Ron Borys (11:55):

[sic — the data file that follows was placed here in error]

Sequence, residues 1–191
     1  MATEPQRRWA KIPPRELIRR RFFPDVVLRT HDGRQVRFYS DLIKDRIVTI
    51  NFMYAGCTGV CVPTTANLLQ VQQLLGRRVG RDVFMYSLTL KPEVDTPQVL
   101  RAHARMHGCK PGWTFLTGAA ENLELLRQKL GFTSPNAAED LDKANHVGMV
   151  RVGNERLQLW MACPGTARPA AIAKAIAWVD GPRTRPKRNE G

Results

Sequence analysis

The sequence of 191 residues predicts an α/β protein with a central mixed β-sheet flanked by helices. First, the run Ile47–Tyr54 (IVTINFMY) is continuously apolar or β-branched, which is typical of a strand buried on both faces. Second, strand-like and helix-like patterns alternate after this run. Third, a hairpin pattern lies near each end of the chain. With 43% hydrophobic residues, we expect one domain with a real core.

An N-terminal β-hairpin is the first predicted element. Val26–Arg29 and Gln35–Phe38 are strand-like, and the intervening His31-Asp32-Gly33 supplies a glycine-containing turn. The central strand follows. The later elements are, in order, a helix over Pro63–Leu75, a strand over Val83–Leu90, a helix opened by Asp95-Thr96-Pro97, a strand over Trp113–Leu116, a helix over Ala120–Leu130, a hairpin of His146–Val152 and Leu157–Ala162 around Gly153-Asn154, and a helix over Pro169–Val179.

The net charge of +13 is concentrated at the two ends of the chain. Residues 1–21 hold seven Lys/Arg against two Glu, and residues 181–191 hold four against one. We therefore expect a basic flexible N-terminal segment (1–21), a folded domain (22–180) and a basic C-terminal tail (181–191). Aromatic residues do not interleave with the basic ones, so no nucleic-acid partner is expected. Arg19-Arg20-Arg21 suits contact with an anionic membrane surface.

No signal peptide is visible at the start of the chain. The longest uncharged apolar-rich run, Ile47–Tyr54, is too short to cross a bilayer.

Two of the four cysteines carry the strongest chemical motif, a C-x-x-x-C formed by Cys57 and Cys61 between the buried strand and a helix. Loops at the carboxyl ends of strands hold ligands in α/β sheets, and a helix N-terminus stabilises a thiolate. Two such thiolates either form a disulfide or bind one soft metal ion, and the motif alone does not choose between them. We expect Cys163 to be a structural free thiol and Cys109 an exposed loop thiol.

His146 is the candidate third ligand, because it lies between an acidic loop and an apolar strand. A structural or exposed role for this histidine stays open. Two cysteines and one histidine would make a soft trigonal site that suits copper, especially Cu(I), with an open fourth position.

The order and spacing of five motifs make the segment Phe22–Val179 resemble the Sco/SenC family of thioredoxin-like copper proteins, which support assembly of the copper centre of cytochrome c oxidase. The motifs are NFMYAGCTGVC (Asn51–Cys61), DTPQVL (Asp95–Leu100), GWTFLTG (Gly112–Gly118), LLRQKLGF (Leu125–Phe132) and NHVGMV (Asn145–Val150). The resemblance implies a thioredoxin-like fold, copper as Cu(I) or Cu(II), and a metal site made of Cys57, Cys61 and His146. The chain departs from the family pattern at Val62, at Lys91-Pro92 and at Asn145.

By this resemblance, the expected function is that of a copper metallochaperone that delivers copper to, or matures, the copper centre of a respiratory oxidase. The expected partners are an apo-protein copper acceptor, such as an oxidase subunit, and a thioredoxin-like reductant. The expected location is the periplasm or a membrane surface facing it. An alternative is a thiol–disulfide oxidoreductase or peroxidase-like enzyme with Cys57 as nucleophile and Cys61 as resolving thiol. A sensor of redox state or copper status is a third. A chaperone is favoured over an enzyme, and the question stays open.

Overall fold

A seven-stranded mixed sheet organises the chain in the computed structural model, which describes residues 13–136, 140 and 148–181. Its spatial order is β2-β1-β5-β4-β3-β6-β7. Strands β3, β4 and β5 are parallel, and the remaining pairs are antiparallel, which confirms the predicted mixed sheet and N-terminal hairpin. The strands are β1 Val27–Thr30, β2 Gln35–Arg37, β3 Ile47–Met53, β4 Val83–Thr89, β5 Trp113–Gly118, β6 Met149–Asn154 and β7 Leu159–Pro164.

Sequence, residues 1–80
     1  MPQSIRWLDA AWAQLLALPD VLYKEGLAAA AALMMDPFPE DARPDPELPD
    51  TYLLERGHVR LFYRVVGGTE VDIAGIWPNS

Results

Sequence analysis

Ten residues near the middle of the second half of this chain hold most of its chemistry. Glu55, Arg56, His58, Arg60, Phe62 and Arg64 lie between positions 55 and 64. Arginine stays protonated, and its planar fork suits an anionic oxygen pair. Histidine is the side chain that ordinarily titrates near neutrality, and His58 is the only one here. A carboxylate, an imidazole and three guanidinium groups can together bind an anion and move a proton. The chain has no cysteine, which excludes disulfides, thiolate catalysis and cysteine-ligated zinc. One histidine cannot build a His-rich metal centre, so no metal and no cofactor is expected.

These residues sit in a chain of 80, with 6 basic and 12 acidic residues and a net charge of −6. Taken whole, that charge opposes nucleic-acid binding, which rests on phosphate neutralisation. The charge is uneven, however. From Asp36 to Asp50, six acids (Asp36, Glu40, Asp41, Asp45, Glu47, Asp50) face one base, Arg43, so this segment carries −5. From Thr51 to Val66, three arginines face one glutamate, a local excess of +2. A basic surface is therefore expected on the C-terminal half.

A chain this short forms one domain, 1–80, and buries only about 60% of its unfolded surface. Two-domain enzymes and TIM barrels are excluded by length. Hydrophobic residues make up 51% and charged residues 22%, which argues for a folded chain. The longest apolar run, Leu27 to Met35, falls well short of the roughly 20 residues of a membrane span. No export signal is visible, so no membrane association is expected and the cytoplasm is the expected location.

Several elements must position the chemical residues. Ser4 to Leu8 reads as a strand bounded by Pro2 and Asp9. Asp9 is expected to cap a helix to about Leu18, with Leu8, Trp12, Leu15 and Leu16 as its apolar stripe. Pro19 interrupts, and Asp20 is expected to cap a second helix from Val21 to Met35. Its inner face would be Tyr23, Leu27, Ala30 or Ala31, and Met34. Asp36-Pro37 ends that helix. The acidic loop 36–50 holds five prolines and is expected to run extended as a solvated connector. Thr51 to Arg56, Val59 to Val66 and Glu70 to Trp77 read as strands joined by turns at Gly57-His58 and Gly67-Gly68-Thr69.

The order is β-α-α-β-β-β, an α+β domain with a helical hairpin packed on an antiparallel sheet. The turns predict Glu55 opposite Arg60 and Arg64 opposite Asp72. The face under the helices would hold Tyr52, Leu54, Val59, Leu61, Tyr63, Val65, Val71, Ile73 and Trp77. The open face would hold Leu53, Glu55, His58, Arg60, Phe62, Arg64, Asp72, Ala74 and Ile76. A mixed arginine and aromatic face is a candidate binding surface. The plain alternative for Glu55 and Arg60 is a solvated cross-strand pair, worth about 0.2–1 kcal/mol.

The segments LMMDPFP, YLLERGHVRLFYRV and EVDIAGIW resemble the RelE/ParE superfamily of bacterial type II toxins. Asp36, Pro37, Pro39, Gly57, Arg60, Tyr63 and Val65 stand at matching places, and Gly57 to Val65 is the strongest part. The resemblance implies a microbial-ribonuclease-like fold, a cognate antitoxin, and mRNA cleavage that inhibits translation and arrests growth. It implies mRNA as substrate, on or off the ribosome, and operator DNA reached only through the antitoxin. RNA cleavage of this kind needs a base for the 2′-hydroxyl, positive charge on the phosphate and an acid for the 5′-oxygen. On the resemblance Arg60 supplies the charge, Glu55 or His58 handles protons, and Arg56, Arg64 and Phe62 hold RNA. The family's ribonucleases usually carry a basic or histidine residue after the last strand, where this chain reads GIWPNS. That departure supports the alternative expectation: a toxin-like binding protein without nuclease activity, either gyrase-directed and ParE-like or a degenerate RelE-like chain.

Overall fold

Yeah, no listen, I think this whole solar winds inquiry from the SEC is evidence that just when you think these things are done, they're never done. The fact that the solar winds breach happened back in December of last year and the regulators are still focused in on it kind of shows the level of importance that they're putting on this coupled with obviously the tremendous uptake this year and in ransomware events. Again, it seems like the folks that are interested in perpetrating these types of crimes or these types of situations are more focused on trying to make people's lives miserable or shutting down their business. Because like I said, I mean, there's still plenty of shifting of assets going on with regards to theft of money, but it seems like the real prize right now is just really trying to hold these firms hostage and shutting them down for an indefinite period of time. And we've seen that all too much this year. And I think that's going to be something that will evolve over the next six months or more. As carriers are really trying to get their arms around, how do we even underwrite this risk? Right? I mean, I think if you do the homework and do the deep dive, it seems like there are certain firms that are more vulnerable to these things than others. But you know, that's a really big part of what we're doing to advise clients. Particularly on the private equity firms’ side on the hedge fund side is working with subject matter experts and helping them identify what some of these vulnerabilities are. Because I'll tell you in this cyber insurance marketplace, you can't get coverage if you answer no to some of these questions, even if you're an existing insured whether it's multifactor authentication or other good risk management tools to prevent these types of breaches, underwriters are way more tuned in on this now than they've ever been. And they're non-renewing deals. They're walking away from business. So being prepared for a tough renewal is more important now than it's ever been.